For cutting the shape of the biscuits, I prefer a metal cutter, as opposed to plastic, because the metal material will more easily and cleanly cut through a thicker dough. A flimsier plastic material will cause the dough to warp as you are cutting through it, causing them to bake unevenly.
Take a look at this 5-piece set of metal biscuit cutters with handles, available on Amazon.
Step 2 – Cut Butter into Dry Ingredients
In a large bowl, whisk together the baking powder, salt, sugar, baking soda, and 1 cup of the flour.
Whisking helps to evenly distribute all of the ingredients, rather than simply combining them with a spoon. This is important before adding the butter, so you won’t get large clumps of a single ingredient that are stuck to the butter cubes as you’re cutting them into the dry mix.
Add the cubed and chilled butter to the dry mixture. Cut the butter into the dry mix with a pastry cutter until the butter pieces are still big, about the size of nickels, and so they are evenly distributed.
Unlike other biscuit recipes, like our sourdough chive version or our cheddar garlic recipe, you do not want to cut the butter so small that it resembles peas or coarse crumbs. You want larger pieces for this particular recipe.
The larger pieces will help to keep the many layers created during the lamination process light and flaky, forming glorious air pockets within each layer as the butter melts during baking.
If using a food processor, pulse the butter into the dry mix. Be careful to avoid over-pulsing.
Step 3 – Add the Remaining Flour
Once you have cut in the butter, add the remaining 1 3/4 cups of flour.
Gently toss with your hands until incorporated, resisting the urge to rub or break up the large chunks of butter. Keep those pieces intact!
Step 4 – Mix in Buttermilk and Lightly Knead
Keep the mixture in the bowl. Add the buttermilk and knead with your hands just until a shaggy dough forms.
You should be able to pick up the dough without finding any unincorporated dry mix at the bottom of the bowl. If there still is some dry mix on the bottom, continue kneading until combined.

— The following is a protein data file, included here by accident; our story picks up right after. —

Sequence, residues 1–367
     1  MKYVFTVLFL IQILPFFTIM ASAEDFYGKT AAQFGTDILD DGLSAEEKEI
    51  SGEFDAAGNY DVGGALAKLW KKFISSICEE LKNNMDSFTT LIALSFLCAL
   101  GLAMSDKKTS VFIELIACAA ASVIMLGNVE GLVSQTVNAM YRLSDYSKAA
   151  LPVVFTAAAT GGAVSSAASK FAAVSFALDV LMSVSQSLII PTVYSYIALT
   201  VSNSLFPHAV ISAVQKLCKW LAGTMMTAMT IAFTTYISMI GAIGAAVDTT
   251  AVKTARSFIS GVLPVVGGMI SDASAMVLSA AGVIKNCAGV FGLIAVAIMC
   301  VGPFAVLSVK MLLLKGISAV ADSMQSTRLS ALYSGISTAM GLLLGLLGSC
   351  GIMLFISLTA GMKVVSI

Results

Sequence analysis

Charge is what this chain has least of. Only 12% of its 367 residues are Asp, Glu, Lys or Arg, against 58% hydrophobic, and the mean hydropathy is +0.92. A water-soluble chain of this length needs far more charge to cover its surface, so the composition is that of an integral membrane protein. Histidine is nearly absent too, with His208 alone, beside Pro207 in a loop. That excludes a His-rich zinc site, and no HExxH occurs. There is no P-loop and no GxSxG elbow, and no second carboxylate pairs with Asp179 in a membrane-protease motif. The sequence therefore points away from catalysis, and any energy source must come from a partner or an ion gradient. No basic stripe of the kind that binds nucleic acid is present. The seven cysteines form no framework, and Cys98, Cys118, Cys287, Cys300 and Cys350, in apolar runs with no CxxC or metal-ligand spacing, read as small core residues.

If there is still too much dry mix after about 1 to 2 minutes of kneading, add more buttermilk a tablespoon at a time and gently knead again, until the flour is incorporated all the way through.
Just be sure not to overmix, as we want to keep the dough tender and the butter pieces large. We’ll also be working the dough by folding it and rolling it repeatedly in the following steps, so aiming to achieve minimal gluten development in this beginning stage of mixing is important to remember.
Step 5 – Form into a Rectangle
Lightly dust a clean work surface with flour, and dump the dough onto it.
Gently press and form the dough into a rough rectangle shape that is about 1/2 inch thick. You can use your hands, and you can use a rolling pin to help create the shape. The dimensions of the rectangle should be roughly 12 inches by 6 inches.
The orientation of the rectangle is also going to be important for the folding process in the next few steps.
On your work surface, the long sides of the rectangle should be facing closest to you and furthest away from you, while the shorter sides should be on your left and right.
Step 6 – Fold in Three Separate Rounds
You will be using the trifold method for three rounds of folding, and you’ll want to work quickly for this step to keep the butter as cold as possible without it melting. Here’s an explanation of this method: